Blacksburg portrait artist Phil Ramsey traces those roots to the English tradition of portraiture, which was adopted by wealthy Southerners. “New money doesn’t buy art—but old money does,” he says. “You’ll see portraits in traditional old Southern houses.”


Capturing Character

Ramsey’s son, Wyatt, also a portrait artist, says the commissioning process can be daunting for clients. “Most people don’t have the language to talk about art, much less portraiture,” he notes. That’s where Clement comes in, playing matchmaker for the artists she represents, while educating clients on the myriad decisions that go into a successful portrait commission. 

“It takes time to determine the best way to capture a subject,” Clement says. She walks clients through the nuances of painting styles—tight or loose? oils or pastels?—and mulls questions of setting, canvas size, background, clothing, even the frame.  

“So much of our personality is revealed through gestures; the particular way a person folds their hands, or how they sit,” Clement explains. “I suggest a full- or three-quarter length portrait to truly convey the subject.” 

Unlike a landscape or still life, portraiture requires the artist to capture the essence of an assigned subject. “It’s a given for the portrait to look like the person,” says Wyatt Ramsey. “But getting it to feel like that person? That’s the hard part.” 

A skilled portrait artist must also understand anatomy, bone structure, tendon, and muscle. There’s little room for interpretation when it comes to painting an eye, a nose, or a pair of lips, says Phil Ramsey. “It’s very similar to surgery—everything is exact and precise, and if it’s off, it’s all wrong. John Singer Sargent said, ‘If you change the mouth a little bit, it changes everything on the canvas.’”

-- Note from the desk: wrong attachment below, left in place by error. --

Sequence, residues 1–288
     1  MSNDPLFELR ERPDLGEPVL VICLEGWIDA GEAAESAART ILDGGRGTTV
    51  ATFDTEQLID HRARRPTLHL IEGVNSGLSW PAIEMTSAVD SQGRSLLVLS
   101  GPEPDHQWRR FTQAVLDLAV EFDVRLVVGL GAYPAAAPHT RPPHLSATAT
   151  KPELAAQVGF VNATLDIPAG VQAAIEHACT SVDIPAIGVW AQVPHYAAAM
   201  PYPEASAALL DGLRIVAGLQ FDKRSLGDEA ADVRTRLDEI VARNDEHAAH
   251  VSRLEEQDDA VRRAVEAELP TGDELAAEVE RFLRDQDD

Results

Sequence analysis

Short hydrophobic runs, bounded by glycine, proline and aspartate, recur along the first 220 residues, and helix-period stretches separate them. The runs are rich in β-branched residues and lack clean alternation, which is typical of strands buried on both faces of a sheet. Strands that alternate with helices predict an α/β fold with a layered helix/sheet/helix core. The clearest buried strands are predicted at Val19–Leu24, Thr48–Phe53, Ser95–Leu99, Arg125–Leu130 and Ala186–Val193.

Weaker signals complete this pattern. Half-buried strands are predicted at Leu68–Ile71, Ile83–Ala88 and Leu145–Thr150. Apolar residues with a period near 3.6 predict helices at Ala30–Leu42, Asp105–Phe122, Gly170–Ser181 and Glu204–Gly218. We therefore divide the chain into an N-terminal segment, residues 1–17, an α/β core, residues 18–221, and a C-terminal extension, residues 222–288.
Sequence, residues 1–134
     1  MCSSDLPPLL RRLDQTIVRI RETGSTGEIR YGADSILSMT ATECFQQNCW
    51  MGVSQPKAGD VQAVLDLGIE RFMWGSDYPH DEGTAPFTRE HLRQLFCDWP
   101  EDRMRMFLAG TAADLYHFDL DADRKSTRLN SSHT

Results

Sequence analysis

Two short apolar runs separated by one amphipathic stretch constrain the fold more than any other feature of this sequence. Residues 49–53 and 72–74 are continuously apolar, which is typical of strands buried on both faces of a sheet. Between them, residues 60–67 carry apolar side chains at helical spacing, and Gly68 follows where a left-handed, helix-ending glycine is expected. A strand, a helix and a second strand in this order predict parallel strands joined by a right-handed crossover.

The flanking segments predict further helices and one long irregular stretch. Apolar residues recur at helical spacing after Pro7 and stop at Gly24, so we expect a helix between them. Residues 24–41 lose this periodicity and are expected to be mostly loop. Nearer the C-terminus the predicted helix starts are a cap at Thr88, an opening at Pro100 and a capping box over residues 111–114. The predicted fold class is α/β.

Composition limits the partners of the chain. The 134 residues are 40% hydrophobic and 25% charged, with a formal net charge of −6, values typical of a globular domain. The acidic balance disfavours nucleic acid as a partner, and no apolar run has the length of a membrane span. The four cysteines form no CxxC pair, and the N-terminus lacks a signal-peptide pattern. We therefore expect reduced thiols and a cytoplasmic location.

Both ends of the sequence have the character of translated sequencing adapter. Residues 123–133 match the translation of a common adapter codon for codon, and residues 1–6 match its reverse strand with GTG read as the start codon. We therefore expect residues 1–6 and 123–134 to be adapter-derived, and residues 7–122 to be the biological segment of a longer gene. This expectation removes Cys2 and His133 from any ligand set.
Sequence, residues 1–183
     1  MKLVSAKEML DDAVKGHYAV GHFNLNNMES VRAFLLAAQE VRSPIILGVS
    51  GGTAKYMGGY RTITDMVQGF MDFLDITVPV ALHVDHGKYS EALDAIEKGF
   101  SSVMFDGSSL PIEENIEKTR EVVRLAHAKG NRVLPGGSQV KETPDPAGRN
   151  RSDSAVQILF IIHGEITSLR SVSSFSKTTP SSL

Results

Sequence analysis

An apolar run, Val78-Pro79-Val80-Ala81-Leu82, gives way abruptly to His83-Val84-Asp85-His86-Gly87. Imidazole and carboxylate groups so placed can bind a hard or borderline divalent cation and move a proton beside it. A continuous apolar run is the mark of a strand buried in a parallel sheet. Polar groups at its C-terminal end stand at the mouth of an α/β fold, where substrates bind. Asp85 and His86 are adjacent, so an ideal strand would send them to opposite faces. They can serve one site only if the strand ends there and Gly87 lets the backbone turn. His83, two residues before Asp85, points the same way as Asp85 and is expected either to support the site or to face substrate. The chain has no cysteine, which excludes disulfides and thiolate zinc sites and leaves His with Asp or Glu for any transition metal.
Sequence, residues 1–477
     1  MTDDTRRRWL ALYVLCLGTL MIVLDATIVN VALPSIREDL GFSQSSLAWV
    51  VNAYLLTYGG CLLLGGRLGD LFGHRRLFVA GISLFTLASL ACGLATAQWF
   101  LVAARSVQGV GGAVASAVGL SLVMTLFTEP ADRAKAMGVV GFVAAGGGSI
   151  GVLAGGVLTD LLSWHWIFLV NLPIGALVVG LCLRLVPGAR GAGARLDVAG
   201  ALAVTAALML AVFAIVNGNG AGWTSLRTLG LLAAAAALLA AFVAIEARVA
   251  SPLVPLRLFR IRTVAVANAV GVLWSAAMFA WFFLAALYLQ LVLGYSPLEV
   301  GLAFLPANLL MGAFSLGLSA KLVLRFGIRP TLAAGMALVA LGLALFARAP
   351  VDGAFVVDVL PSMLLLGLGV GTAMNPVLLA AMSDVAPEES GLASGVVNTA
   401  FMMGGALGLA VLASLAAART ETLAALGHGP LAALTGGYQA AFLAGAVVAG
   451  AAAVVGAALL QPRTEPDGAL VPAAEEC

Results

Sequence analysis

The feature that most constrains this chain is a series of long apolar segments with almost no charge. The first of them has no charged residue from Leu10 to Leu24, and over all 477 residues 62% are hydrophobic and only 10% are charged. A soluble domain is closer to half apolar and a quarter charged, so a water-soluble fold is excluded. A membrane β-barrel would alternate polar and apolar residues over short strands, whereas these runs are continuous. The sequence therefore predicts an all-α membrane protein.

In the past, the client and artist would meet for lengthy portrait sittings. Now, a photo shoot brings a subject’s mannerisms, gestures, or the mischievous glint in a child’s eye into view. “I want a super strong likeness, without unnecessary flattery,” says Richmond artist Nancy Mauck. “I’m giving the viewer a glimpse of who this person is, and what they’re like.”

Mauck follows advice from an early mentor, politely declining requests to subtract a few pounds or paint away gray hair. “It goes beyond that one painting. When an artist becomes known as an enhancer, it impacts their career,” she explains. “I can’t alter reality, but I’ll show you on your best day.”